QueenʼsMen Editions

About this text

  • Title: King Leir
  • Author: Peter Cockett

  • Copyright Queen's Men Editions. This text may be freely used for educational, non-profit purposes; for all other uses contact the Editor.
    Author: Peter Cockett
    Peer Reviewed

    King Leir

    100King Leir, Scene 14

    King Leir: Don Allison
    Perillus: Peter Higginson
    Cambria: Scott Clarkson
    Attendant: Scott Maynard
    Ragan: Derek Genova

    Queen's Men Dramaturgy: Rhetoric of Emotion (Sc. 14)

    Read about the rhetoric of emotion in Scene 10

    The opening section of the scene is the second of the carefully crafted rhetorical exchanges between Leir and Perillus and it unpacks many of the play's key themes. Each of the two old men competes in his concern for the health and safety of the other, offering point and counterpoint in their insistence on who is more deserving of sympathy and assistance. The two good men of King Leir each try to outdo their support for the other, a situation that is repeated in the climactic Scene 19. Perillus is unwilling to take the support of his master (TLN 1099-1100) while Leir insists he is to blame for Perillus' suffering and yet helpless to alleviate it (TLN 1101-1106). The fact that his king should have become so powerless aggravates Perillus' grief so Leir instructs him as follows: "Cease, good Perillus, for to call me 'lord,'/And think me but the shadow of myself" (TLN 1110-1111).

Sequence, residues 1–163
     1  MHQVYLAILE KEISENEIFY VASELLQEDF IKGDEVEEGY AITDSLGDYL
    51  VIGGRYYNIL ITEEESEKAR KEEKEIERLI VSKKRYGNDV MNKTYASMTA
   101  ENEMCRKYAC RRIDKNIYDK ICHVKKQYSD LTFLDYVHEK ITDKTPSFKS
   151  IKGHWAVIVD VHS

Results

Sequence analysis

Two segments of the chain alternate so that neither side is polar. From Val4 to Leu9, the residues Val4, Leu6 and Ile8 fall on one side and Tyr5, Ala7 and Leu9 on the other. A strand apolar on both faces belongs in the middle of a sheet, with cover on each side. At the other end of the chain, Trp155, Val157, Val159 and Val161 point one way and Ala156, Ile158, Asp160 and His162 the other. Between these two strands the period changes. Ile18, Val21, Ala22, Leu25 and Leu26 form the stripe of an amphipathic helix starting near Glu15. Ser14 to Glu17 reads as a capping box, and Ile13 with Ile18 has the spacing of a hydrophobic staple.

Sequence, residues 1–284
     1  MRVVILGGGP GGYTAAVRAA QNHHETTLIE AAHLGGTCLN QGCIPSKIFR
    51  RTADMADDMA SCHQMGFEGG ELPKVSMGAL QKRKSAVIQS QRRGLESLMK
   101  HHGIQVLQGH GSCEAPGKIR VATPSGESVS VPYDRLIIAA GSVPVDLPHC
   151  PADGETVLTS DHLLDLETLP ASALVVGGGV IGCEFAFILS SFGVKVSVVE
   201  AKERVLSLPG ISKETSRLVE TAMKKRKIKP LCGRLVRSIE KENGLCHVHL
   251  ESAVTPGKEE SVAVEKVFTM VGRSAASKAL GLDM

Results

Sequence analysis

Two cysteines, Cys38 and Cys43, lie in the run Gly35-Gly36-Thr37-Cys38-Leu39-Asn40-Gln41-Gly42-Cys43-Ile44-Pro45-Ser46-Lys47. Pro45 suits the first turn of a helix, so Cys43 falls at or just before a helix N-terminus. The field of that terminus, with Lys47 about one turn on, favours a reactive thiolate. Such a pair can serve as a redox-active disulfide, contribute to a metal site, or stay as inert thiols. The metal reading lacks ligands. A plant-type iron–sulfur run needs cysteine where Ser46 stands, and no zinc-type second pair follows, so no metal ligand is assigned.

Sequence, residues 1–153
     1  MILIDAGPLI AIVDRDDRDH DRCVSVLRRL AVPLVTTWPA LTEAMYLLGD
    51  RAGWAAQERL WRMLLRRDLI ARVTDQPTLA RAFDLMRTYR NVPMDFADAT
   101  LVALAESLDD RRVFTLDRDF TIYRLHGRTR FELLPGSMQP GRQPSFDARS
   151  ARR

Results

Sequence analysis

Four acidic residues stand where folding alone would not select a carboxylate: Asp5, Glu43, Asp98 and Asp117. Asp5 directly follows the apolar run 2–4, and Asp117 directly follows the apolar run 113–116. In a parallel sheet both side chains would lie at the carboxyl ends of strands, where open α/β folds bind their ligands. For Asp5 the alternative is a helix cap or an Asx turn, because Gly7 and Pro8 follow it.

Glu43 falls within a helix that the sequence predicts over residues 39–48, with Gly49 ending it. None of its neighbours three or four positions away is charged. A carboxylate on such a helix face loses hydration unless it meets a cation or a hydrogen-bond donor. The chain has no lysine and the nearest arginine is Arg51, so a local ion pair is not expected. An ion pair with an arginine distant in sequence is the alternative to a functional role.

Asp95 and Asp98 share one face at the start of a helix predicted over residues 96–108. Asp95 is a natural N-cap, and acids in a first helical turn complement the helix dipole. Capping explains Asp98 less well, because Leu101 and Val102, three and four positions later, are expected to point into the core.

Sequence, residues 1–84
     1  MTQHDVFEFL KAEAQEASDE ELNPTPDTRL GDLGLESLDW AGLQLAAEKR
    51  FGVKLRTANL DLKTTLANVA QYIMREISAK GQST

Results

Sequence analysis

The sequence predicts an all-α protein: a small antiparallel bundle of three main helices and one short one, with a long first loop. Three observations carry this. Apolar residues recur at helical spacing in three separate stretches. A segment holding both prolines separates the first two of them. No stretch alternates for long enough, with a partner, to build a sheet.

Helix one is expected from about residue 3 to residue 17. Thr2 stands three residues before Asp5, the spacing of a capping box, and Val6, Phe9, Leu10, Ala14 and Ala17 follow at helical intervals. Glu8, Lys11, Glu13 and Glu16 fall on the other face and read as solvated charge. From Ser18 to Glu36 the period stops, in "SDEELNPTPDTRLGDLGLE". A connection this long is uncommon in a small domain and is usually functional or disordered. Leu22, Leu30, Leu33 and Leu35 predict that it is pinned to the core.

Read more about the rhetoric of emotion

    [[ Resource not found ]] Watch video of Scene 14 on the Performing the Queen's Men website. (The video footage is password protected. Click on "Cancel" in the pop-up window to obtain password.)